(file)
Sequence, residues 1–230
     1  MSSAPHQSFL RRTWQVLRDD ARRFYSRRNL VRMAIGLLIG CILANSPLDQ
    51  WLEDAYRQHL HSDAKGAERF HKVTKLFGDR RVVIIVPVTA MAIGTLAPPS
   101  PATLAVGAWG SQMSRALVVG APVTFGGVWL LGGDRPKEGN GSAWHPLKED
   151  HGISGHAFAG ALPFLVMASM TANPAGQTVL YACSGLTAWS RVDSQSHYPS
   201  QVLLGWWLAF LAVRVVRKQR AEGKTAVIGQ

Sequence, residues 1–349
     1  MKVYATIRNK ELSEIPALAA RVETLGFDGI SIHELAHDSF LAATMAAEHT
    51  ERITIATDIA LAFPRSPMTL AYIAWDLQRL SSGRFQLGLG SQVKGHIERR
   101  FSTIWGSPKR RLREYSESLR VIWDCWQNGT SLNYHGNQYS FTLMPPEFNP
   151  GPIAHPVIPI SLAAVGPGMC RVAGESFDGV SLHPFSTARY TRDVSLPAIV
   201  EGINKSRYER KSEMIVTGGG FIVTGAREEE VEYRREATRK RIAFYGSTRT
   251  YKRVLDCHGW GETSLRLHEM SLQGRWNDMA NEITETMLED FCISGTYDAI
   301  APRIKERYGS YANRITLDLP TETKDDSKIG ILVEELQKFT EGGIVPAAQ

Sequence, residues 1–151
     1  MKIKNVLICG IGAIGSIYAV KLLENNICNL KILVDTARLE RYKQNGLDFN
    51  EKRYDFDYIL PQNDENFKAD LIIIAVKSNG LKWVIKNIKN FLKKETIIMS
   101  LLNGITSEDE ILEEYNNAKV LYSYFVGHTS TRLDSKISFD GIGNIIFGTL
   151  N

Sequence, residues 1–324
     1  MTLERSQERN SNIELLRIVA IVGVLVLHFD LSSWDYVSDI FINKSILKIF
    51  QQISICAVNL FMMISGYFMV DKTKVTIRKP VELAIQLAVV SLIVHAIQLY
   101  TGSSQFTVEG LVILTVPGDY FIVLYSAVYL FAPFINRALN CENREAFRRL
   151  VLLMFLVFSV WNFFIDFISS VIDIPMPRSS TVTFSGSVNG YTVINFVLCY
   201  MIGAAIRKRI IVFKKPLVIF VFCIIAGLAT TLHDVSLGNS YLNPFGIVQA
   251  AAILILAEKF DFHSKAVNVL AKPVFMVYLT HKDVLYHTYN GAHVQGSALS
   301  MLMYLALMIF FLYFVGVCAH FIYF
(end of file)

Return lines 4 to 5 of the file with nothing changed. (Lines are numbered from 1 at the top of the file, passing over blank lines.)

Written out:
   101  PATLAVGAWG SQMSRALVVG APVTFGGVWL LGGDRPKEGN GSAWHPLKED
   151  HGISGHAFAG ALPFLVMASM TANPAGQTVL YACSGLTAWS RVDSQSHYPS